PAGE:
The tropical island of Boracay, with its pristine, white-sand beaches, crystal clear blue water and picturesque sunsets, has always been the Philippines’ best-kept secret. Until now. What was once a remote, perfectly untouched enclave has freakishly mutated into a typical Southeast Asian tourist hotspot, no different from Phuket or Bali.

Though Stations 2 and 3 have always been bustling with the usual beachfront restaurants, bars and hotels (they are boat stations after all), more and more establishments have now overcrowded the already condensed coastline. Sadly, not even the relatively calm Station 1 has been spared. Considering the hundreds of paraws (small, banka-like sailboats) blocking your supposedly breath-taking view or the hoards of boatmen rudely awakening your sunbathed slumber to offer you a joyride, it’s pretty safe to say that Boracay has officially lost its charm.

Add a Starbucks right smack in the middle of the island as the icing on the cake and you know it’s all over. Boracay as it once was, as the best-kept secret of the Philippines has inevitably shifted sands.

As an archipelagic republic far-removed from the Southeast Asian mainland, tourism plays a critical role in Philippine economic development. In truth, these boat tours, beach front massages and even late-night fire dancing serve as the main lifeline of Boracay’s local economy. Nevertheless, if these tourist-centric activities result in the conversion of a once splendid island paradise into a long stripmall crowded with middle-aged caucasian men and their suspiciouly younger Filipina girlfriends (or wives), then it is rather questionable whether or not this development is worth it.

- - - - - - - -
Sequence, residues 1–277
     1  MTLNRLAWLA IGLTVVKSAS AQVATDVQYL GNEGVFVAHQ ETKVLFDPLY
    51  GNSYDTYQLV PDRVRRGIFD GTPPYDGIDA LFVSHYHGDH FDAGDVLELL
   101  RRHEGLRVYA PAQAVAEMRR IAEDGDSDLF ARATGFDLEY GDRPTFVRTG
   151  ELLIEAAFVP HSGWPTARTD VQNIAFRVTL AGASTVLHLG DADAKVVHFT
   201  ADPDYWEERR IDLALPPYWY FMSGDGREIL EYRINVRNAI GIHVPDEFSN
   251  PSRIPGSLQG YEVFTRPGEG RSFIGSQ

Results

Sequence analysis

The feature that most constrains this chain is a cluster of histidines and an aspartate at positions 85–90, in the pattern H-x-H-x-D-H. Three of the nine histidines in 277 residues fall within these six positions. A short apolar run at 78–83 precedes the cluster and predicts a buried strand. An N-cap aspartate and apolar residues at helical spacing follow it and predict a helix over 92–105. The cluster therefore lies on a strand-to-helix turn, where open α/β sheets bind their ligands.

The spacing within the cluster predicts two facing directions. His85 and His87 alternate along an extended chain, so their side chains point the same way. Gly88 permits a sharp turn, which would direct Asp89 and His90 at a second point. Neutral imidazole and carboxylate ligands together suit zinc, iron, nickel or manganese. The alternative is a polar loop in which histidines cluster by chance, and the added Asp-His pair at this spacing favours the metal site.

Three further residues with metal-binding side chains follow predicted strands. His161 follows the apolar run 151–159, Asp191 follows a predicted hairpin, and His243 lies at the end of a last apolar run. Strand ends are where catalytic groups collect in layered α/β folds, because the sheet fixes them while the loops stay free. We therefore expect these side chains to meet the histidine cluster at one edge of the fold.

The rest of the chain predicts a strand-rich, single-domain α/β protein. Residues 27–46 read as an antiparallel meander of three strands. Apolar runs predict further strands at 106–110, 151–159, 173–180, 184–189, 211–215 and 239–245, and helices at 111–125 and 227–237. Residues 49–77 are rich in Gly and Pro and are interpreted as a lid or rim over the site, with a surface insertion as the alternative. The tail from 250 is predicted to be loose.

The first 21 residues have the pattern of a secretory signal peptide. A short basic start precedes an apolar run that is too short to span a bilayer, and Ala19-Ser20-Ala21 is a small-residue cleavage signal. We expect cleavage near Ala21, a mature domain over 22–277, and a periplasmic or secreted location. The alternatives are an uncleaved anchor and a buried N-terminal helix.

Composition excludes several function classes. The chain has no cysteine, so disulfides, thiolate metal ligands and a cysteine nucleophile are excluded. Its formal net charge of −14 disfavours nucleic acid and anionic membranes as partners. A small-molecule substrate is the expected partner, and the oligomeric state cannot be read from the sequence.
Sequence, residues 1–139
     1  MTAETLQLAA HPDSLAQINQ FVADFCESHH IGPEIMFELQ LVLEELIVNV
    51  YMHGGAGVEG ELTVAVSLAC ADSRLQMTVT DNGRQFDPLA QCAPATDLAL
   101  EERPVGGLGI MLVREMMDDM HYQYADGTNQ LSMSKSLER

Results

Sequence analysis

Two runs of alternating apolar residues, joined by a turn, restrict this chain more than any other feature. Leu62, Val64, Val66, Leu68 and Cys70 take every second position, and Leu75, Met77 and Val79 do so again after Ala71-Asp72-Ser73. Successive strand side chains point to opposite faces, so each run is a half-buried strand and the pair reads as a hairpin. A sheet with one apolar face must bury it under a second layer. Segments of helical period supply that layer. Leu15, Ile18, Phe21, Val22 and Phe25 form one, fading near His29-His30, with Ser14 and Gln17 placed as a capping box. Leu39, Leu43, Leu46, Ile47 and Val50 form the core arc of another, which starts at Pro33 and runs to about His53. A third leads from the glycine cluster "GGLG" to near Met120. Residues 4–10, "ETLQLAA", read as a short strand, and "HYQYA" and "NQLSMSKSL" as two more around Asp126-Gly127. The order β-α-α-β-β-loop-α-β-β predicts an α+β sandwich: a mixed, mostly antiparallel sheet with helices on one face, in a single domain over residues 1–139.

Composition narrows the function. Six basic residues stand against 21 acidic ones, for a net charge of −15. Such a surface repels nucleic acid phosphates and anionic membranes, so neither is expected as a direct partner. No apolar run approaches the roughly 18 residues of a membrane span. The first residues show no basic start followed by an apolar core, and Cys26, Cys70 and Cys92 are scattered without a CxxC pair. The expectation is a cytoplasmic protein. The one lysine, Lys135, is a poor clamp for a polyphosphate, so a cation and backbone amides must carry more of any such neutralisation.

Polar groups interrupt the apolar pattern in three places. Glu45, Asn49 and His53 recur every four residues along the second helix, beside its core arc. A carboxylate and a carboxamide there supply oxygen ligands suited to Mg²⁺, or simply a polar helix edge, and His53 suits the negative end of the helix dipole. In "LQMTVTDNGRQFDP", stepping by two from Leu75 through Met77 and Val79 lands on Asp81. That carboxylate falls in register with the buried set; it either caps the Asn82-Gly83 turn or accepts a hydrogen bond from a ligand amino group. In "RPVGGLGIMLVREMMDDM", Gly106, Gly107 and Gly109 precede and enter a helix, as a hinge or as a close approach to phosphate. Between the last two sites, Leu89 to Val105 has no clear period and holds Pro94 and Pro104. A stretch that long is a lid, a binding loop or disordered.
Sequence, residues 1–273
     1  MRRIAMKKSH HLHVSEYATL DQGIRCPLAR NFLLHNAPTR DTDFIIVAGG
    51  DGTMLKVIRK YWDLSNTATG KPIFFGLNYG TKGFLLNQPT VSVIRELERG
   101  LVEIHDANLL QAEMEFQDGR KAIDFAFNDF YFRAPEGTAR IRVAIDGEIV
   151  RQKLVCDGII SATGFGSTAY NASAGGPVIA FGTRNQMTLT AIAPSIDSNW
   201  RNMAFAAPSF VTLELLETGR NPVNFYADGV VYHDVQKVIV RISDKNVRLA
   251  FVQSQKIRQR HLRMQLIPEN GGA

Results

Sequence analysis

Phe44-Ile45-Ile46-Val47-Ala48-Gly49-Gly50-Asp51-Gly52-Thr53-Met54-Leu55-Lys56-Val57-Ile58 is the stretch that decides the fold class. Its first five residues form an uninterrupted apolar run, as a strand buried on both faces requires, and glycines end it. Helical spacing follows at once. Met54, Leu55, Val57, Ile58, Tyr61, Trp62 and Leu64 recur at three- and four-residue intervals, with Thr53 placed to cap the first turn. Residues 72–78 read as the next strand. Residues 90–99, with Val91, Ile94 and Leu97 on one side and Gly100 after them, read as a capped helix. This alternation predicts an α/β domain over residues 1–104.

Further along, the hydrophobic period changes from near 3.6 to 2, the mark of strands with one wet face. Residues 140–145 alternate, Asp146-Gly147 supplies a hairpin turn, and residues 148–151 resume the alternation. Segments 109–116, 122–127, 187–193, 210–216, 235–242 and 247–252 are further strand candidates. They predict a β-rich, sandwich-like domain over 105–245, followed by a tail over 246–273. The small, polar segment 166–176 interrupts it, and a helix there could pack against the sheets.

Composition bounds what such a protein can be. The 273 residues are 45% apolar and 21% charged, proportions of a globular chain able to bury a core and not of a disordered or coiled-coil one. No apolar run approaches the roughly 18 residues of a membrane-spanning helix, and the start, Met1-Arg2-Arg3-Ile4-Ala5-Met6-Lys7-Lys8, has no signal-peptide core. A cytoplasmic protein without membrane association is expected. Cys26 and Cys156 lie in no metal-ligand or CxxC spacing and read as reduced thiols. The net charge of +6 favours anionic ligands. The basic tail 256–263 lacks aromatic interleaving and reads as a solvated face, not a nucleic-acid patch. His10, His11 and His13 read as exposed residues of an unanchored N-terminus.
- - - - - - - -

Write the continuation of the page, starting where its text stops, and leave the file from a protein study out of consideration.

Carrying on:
Indeed, for most developing nations, the exploitation of natural resources, whether for industry or tourism, is both characteristic and conducted with good reason. Economic law dictates that the rampant destruction of the environment is only logical since natural goods such as cash crops, timber and minerals are in abundance in areas such as these. As a result, the bulk of exports from the Third World are composed primarily of agricultural commodities, raw materials or low-level industrial goods such as textiles, clothing and footwear (as opposed to highly advanced technologies in the West). Despite these means of production, countries like the Philippines are still considered to be economically immature.

Be that as it may, it must be pointed out that the standards of economic development are set by those few nations that possess an entirely distinct set of economic circumstances (geographic location, endowment of resources and historical context). The result of which is a Starbucks –the epitome of rapid commercialization and development– around every corner. Who is to say that their model of progress is well-suited to the developing world? If that were the case, prevalent issues such as sustainability, climate change and environmental protection should not be demanded of emerging econmies as those in the First World have been disregarding them ever since in order to gain economic supremacy.

Yet, it is in fact the protection of these natural assets that must be prioritized by developing nations, not for the sake of tourism but rather in order to achieve a more sustainable path to economic development. Given the vast uncertainty and instability of the modern, global economy as well as the steady decline of Western economic growth, emerging markets, particularly in Asia and the Americas, are in a strategic position to capitalize on improving their economic performances, especially through sustainable means. As the Western model has proven to be far too aggressive and irresponsible, the developing world has a golden opportunity to be at the forefront of innovative, sustainable growth, through the protection of their natural resources.

Although a concrete mehod of achieiving this remains to be seen, keeping the beaches unstarbucksed is undoubtedly the first step. ✌

Boracay Malay Aklan, The Philippines


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